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Poultry farms to get more grains

Published on 8 July, 2006, Last updated at 03:05 GMT

8th July, 2006: NAMAKKAL, INDIA - Poultry farms, especially those in the poultry capital of the State, Namakkal, who were hit hard by the outbreak of bird flu, are relieved now after the Centre announced its decision to release eight lakh tonnes of maize, 60,000 tonnes of jowar and 7,000 tonnes of bajra to be sold as poultry feeds at subsidised rates to farms all over the nation.

A release from Anuradha Desai, Chairperson of the National Egg Co-ordination Committee, said the poultry feed would be sold at subsidised price between Rs 450 and Rs 500 a quintal (the market price of maize is at an all-time high of Rs 670 a quintal).

Earlier in April, the Centre released 5.3 lakh tonnes of maize.

It may be noted that every year, in May and June, the Union Government will release maize from the Food Corporation of India (FCI) godowns, so as to meet the market demands and keep the price of the grains stable.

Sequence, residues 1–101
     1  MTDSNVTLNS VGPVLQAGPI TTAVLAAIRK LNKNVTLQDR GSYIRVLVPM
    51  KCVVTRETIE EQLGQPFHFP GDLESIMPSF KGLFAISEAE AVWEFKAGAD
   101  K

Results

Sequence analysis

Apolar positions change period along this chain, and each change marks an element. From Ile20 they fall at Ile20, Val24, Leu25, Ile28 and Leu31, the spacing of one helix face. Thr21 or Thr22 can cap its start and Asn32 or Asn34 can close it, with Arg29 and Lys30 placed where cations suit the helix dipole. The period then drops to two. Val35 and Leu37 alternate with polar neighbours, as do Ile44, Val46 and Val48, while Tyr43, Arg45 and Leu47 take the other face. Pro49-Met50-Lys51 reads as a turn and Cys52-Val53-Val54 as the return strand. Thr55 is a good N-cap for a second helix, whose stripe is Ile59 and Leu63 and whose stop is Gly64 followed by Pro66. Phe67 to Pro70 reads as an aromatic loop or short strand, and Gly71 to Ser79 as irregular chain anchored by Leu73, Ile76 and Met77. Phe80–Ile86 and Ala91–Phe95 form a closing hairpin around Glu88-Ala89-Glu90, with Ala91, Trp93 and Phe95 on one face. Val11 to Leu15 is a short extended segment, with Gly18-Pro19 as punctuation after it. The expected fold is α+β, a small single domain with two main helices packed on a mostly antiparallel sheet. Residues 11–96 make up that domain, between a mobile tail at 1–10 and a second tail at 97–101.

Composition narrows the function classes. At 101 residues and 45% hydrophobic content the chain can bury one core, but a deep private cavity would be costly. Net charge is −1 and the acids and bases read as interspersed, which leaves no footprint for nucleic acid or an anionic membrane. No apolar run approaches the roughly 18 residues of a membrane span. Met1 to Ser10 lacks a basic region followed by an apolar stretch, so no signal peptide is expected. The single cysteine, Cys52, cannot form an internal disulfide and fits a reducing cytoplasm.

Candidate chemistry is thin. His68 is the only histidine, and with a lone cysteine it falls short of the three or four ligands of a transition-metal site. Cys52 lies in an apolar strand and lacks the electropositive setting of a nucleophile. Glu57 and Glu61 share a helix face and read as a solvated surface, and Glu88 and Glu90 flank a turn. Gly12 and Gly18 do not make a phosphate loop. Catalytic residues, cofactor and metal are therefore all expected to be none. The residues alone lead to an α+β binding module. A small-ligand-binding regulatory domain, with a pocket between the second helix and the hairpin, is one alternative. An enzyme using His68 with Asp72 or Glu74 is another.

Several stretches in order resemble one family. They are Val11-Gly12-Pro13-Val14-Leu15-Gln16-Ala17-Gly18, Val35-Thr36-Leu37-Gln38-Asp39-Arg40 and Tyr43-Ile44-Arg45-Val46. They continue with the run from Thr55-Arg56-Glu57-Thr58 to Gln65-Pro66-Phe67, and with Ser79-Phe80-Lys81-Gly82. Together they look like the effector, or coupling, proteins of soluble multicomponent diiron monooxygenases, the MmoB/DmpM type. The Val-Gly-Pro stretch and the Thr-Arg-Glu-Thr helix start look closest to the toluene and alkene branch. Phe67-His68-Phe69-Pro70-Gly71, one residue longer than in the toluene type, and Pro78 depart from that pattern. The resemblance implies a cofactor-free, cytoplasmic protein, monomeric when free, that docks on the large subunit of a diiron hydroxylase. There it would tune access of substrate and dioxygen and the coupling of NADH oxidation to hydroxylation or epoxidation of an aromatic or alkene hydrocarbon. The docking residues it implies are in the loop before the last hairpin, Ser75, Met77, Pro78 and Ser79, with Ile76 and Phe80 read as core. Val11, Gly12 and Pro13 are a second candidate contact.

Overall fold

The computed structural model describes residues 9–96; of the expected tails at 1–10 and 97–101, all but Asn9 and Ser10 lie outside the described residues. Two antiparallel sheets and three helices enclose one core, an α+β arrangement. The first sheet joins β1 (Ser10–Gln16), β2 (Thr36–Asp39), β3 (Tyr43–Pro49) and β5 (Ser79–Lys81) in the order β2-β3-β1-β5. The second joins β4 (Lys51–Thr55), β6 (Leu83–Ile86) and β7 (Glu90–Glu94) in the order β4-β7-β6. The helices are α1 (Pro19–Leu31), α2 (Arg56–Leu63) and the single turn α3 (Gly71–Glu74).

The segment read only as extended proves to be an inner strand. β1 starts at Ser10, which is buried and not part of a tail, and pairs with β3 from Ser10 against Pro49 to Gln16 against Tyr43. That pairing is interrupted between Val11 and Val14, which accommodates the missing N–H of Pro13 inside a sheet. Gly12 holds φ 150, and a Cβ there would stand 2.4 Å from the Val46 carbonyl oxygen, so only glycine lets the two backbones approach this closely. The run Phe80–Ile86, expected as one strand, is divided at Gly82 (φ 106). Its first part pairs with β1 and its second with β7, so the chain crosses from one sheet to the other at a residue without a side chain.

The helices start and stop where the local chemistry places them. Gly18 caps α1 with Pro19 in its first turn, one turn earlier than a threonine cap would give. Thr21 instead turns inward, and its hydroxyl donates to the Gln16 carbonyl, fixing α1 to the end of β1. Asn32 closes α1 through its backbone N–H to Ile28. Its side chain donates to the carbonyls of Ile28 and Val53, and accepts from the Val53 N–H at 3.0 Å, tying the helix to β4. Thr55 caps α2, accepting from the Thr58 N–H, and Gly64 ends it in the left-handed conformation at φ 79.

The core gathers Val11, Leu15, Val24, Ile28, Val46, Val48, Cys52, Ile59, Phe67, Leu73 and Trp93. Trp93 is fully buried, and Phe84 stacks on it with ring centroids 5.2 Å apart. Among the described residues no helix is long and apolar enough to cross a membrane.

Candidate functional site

This, despite the fact that nearly 85 to 90 percent of maize produced in the country is used by the poultry farms. Sadly, this year, bird flu has created loss to the tune to Rs 10,000 crore to the domestic poultry industry.

A committee chaired by the NECC chairperson met Union Minister for Agriculture, Sharad Pawar on June 27 and requested him to release additional grains to save the domestic poultry industry.

In a sequel to the meeting, the Union Government has now ordered the release of eight lakh tonnes of maize and several thousand tonnes of the two other grains for the benefit of the poultry farms.

Subsidised grains and technical assistance will reach the poultry farms through the Director of the Department of Animal Husbandry of the respective state, based on the statistics available with the NECC, its chairperson said.

NECC said release of the subsidised grains will be of much help to the poultry industry.

Maize is quoted at Rs 670 a quintal, against the last year’s Rs 520 to 600. While this hike in the price has increased the production cost by 30 percent, the subsidised poultry feed supply comes as a solace to the poultry industry.


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